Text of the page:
“‘Do not steal.
“‘Do not lie.
“‘Do not deceive one another.
“‘Do not swear falsely by my name and so profane the name of your God. I am the Lord.
“‘Do not defraud or rob your neighbor.
“‘Do not hold back the wages of a hired worker overnight.
- Leviticus 19:11-13
“As I understand it, what you desire is information about ‘my first lie, and how I got out of it.’ I was born in 1835; I am well along, and my memory is not as good as it was. If you had asked about my first truth it would have been easier for me and kinder of you, for I remember that fairly well; I remember it as if it were last week. The family think it was week before, but that is flattery and probably has a selfish project back of it. When a person has become seasoned by experience and has reached the age of sixty-four, which is the age of discretion, he likes a family compliment as well as ever, but he does not lose his head over it as in the old innocent days.
“I do not remember my first lie, it is too far back, but I remember my second one very well. I was nine days old at the time, and had noticed that if a pin was sticking in me and I advertised it in the usual fashion, I was lovingly petted and coddled and pitied in a most agreeable way and got a ration between meals besides. It was human nature to want to get these riches, and I fell. I lied about the pin – advertising one when there wasn’t any. You would have done ti; George Washington did it; anybody would have done it. During the first half of my life I never knew a child that was able to rise above that temptation and keep from telling that lie. Up to 1867 all the civilized children that were ever born into the world were liars – including George. Then the safety-pin came in and blocked the game. But is that reform worth anything? No; for it is reform by force and has no virtue in it; it merely stops that form of lying; it doesn’t impair the disposition to lie, by a shade. It is the cradle application of conversion by fire and sword, or of the temperance principle through prohibition.”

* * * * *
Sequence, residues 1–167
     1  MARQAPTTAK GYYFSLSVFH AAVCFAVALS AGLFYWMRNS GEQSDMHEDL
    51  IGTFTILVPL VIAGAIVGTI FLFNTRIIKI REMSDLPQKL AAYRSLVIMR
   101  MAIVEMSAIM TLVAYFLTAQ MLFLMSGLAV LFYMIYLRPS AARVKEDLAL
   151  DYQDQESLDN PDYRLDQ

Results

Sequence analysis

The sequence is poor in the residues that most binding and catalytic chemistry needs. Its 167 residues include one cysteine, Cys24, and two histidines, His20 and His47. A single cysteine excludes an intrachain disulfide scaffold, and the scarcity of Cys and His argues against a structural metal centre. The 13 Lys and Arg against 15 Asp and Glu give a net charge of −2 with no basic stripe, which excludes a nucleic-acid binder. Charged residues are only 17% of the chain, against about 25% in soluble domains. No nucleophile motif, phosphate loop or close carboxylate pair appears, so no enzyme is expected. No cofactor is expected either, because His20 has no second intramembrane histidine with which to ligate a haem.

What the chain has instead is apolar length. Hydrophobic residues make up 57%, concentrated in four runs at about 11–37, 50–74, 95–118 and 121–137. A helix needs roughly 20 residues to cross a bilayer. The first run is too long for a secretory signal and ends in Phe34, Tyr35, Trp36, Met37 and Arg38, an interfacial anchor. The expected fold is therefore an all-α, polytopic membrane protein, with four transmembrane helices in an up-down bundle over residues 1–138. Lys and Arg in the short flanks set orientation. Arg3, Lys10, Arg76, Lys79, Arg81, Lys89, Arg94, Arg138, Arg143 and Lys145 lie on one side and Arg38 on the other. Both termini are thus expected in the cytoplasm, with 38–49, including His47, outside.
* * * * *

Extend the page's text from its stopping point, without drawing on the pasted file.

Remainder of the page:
- Mark Twain, “My First Lie, and How I Got Out of It”, from The Comic Mark Twain Reader
“The cherry tree myth is the most well-known and longest enduring legend about George Washington. In the original story, when Washington was six years old he received a hatchet as a gift and damaged his father’s cherry tree. When his father discovered what he had done, he became angry and confronted him. Young George bravely said, “I cannot tell a lie…I did cut it with my hatchet.” Washington’s father embraced him and rejoiced that his son’s honesty was worth more than a thousand trees.
“Ironically, this iconic story about the value of honesty was invented by one of Washington’s first biographers, an itinerant minister and bookseller named Mason Locke Weems. After Washington’s death in 1799 people were anxious to learn about him, and Weems was ready to supply the demand. As he explained to a publisher in January 1800, “Washington you know is gone! Millions are gaping to read something about him…My plan! I give his history, sufficiently minute…I then go on to show that his unparalleled rise and elevation were due to his Great Virtues.” Weems’ biography, The Life of Washington, was first published in 1800 and was an instant bestseller. However the cherry tree myth did not appear until the book’s fifth edition was published in 1806.”
- MountVernon.org, Cherry Tree Myth
There are a great many commandments beyond the Ten Commandments. Leviticus 19 is a prime example. There are far too many, it seems, to commit to memory, but deep inside, we know that what we did was not the proper thing. The Apostle Paul puts it so well, “For all have sinned and fallen short of the Glory of God” Romans 3:23. That takes care of the Ten Commandments and all those other ones.
I also like what Timothy Keller said in an interview, that no one sin sends us to Hell. He went on to explain that not having a right relationship with God does that.